Over training/over eating?



  • Retroguy2000
    Retroguy2000 Posts: 991 Member
    edited May 24
    It isn't a law, but most people here talk about their weight in "lbs." Stone, throws off and confuses 90% of the people here.
    I hate it. I grew up with it, so I'm in the small subset of people who know about it (UK, Ireland and Australia?) And I hate it.

    e.g. Which is easier to understand, if someone is telling you their weight?

    Person A: "I'm 200 pounds."
    Person B: "I'm 14 stone 4, innit."
    Person C: "I'm 180 pounds."
    Person D: "I'm 12 stone 12, innit."

    It's needlessly confusing. You probably need a calculator just to do anything with it.

    EDIT: Ha, the site thought that was an emoji.
  • JJ2944
    JJ2944 Posts: 22 Member
    I have been to Dr’s with my elbow & been given exercises & there are just certain things I can’t do now, but bizarrely some things I can no problem.

    I’ll have a look at the calculator, thank you.

    Sorry, so in lbs I have always been around 107lbs and am now at 112. I’m small so it shows much more than it would in a taller person. My limbs are solid however my middle section to me atm is just 🤢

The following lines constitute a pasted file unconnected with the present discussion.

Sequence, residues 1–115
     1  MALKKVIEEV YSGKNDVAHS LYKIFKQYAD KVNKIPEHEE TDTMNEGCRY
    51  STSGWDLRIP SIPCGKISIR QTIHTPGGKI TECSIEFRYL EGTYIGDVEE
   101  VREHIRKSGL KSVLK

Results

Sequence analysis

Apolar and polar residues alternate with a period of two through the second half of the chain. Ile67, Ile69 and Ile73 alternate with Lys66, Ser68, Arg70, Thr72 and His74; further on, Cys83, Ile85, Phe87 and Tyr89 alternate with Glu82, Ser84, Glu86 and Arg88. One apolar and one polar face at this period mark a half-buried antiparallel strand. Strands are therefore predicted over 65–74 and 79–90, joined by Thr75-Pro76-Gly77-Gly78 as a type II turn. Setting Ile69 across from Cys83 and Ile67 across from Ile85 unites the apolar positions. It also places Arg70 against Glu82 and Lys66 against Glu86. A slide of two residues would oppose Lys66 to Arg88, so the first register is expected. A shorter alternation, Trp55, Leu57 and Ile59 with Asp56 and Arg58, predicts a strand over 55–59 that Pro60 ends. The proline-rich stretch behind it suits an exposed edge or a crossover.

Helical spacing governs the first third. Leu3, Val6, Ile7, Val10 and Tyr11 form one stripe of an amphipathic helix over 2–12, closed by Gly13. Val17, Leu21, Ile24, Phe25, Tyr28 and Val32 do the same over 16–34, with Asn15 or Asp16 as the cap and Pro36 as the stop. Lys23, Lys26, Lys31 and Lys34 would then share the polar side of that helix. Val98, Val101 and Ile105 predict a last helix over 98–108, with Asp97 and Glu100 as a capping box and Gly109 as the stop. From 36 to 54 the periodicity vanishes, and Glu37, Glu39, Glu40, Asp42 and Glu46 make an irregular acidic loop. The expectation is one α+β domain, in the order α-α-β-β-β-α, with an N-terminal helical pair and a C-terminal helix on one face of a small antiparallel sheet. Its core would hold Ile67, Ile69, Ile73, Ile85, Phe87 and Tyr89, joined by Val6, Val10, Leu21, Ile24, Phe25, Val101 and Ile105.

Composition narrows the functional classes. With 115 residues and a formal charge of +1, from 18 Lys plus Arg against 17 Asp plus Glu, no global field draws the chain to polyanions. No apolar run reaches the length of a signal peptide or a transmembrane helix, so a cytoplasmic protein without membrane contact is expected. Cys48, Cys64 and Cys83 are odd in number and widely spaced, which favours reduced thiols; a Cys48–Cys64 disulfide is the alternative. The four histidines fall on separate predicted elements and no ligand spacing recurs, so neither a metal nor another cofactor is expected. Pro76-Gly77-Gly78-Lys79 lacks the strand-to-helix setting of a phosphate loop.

• AnnPT77
    AnnPT77 Posts: 29,526 Member
    JJ2944 wrote: »
    Ps, what is NEAT?

    & with moderate exercise and losing weight being easier, what would you suggest as in how many of each type of sessions in a week/for how long?


    NEAT = Non-Exercise Activity Thermogenesis = the calories we burn above our basal/resting metabolic rate (BMR/RMR) by doing daily life stuff like our job, home chores, non-exercise hobbies, etc. . . . not including intentional exercise.

    Also: If your device is estimating weight training calories based on your heart rate . . . that's a really, really bad way to estimate weight training calories. How bad is individual, but the fundamental problem is that strength training drives up heart rate for reasons that have nothing to do with calorie burn, loosely strain and pressure inside the body from the nature of those movements.

    The article Banx linked is a better way, probably as good as it gets. (There's no great way.) As a simple alternative, logging it manually in the MFP cardiovascular exercise area as "Strength training (weight lifting, weight training)" is less terrible than getting an estimate from a device that uses heart rate to estimate those calories. Obviously, don't double count it by manually logging it and letting your device log it, too.
  • cwolfman13
    cwolfman13 Posts: 41,650 Member
    JJ2944 wrote: »
    Ps, what is NEAT?

    & with moderate exercise and losing weight being easier, what would you suggest as in how many of each type of sessions in a week/for how long?


    NEAT is Non Exercise Activity Thermogenesis. It is the calories you burn just going about your day to day doing stuff...also, fidgeting and other involuntary movements. Very often, more strenuous exercise can cause a reduction in NEAT that may offset or partially offset energy expenditure from exercise because you are fatigued.